Truckers win case against NY Thruway tolls, ATA seeking refunds

| August 12, 2016

thruwayA federal judge has ruled New York Thruway tolls are for maintaining the road and cannot be used to subsidize the state canal system.

Late Wednesday, the 2nd U.S. Circuit Court of Appeals in Manhattan affirmed the American Trucking Associations’ contention that the 9 to 14 percent of Thruway tolls allocated annually to the New York State Canal System is unconstitutional. The association, along with three trucking companies, seek refunds for interstate truckers who drove the Thruway since Nov. 14, 2010, three years before the lawsuit was filed.

Ironically, NYSCS had not received toll revenue since April 1, when the state transferred operation of the canals from the Thruway to the state power authority. A provision in the current state budget mandated that change. The 524-mile NYSCS exceeds the Thruway in length and  includes bicycle and hiking trails, as well as museums and barges.

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Judge Colleen McMahon wrote that the canals have received more than $1 billion in Thruway tolls over the past two decades. However, revenue from canal users averages well under 1 percent of the cost of maintaining and operating the system, she added.

ATA President and CEO Chris Spear echoed McMahon’s statement that canal upkeep should not be carrroed by Thruway users engaged in interstate commerce. “We hope today’s ruling will not only end this practice in New York, but dissuade other states from financing their budget shortfalls on the backs of our industry,” Spear said.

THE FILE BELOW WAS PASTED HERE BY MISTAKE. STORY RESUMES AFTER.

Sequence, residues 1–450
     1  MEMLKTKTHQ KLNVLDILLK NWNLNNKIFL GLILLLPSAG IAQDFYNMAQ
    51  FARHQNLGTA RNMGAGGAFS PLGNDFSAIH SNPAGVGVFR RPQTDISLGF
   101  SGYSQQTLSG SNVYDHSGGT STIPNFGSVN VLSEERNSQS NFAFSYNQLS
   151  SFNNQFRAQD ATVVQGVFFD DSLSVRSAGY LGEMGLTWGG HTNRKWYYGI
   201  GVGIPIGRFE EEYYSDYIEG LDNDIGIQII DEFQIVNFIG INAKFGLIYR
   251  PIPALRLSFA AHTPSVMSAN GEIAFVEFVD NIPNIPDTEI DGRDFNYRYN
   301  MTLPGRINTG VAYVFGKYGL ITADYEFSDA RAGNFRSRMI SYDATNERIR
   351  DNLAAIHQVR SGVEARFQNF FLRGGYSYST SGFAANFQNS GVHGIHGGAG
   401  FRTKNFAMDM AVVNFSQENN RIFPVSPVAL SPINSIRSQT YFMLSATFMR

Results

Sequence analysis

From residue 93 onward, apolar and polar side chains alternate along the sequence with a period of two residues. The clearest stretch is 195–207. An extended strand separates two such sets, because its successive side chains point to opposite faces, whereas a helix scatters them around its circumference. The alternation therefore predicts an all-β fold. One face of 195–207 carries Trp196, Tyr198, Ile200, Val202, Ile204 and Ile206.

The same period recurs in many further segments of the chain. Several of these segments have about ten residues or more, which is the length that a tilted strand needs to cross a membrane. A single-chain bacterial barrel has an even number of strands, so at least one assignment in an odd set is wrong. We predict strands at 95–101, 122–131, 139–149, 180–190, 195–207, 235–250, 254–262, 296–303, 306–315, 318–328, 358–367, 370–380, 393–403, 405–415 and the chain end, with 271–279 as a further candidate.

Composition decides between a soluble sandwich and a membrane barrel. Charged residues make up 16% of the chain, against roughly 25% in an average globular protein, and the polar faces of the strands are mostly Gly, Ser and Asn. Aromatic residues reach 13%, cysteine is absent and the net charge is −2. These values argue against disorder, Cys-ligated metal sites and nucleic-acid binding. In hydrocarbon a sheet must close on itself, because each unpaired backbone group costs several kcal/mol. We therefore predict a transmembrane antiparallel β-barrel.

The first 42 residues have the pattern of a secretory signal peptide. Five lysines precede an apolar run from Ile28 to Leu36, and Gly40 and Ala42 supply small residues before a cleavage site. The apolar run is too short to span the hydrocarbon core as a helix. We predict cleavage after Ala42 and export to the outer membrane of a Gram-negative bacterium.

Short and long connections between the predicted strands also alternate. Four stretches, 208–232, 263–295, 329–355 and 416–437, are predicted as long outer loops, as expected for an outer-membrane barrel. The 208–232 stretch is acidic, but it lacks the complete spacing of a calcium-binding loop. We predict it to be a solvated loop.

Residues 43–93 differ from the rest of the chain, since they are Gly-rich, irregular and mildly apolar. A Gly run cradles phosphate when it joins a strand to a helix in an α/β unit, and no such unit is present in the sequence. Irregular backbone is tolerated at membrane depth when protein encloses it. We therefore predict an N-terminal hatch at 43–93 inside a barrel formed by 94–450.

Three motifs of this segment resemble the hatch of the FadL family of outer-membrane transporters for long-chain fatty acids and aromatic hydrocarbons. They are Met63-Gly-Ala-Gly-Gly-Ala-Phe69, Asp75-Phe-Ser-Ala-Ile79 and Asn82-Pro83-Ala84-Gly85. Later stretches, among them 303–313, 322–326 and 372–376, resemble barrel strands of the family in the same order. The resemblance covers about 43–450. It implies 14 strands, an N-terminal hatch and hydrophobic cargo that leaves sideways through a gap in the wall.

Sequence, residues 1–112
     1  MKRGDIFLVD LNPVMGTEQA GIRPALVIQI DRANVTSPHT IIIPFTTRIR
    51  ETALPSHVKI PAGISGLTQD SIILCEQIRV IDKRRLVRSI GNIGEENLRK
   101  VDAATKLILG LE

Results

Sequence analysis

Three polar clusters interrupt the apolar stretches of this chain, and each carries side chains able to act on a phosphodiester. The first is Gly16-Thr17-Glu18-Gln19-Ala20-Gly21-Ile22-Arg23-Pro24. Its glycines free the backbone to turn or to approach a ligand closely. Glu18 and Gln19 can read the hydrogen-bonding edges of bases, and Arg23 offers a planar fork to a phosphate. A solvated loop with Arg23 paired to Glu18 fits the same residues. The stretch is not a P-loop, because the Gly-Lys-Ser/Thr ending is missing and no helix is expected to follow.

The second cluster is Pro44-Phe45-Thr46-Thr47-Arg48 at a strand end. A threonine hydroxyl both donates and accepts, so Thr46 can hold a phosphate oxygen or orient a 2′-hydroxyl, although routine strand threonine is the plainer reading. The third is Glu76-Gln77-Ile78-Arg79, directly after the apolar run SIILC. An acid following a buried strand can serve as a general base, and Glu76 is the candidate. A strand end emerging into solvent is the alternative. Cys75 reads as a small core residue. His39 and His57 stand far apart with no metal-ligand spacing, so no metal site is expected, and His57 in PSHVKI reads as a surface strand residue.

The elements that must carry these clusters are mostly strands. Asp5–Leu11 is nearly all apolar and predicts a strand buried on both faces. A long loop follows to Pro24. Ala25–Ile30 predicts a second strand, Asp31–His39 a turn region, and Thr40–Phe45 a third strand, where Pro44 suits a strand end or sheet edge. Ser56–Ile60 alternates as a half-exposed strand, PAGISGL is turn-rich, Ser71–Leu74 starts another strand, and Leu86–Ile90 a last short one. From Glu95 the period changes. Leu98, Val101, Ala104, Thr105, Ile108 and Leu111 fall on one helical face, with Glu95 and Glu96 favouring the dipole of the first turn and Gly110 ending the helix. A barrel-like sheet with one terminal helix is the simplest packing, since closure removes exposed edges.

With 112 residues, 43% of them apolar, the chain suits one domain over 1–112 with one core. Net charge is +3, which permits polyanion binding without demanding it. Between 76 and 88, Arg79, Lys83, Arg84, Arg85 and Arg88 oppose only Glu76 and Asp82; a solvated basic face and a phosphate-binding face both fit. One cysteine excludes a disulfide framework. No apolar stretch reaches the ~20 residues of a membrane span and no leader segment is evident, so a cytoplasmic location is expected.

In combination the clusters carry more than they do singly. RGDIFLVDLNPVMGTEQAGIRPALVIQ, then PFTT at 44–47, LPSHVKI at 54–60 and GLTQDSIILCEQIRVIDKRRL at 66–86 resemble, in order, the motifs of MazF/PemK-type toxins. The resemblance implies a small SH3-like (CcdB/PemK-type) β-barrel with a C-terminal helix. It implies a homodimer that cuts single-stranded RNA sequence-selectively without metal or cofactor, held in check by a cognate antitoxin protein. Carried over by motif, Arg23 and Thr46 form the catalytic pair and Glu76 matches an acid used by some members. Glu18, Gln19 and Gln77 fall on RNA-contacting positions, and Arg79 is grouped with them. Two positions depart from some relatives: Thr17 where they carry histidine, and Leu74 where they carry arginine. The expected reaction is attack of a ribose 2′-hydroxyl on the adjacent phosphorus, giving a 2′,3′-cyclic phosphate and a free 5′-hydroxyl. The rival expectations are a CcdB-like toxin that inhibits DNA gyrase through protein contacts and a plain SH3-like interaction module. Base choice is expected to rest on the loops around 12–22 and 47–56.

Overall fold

The Thruway’s defense included the concept of “functional relationship” which the same circuit recognized in Automobile Club of New York v. Port Authority. In that 1989 case, the court held bridge and tunnel tolls could subside a train taking a parallel route, because these motorists benefited from the reduction in traffic the commuter train provided.

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McMahon noted this argument holds “consider irony,” given Thruway testimony that the canals are not viable for moving cargo. “…It it is a truth universally acknowledged that the only ‘functional relationship’ between the Thruway and the canals is that the former rendered the latter obsolete,”she wrote.

A year ago, the appellate court reinstated the lawsuit after Manhattan’s U.S. district court dismissed it on a technicality.

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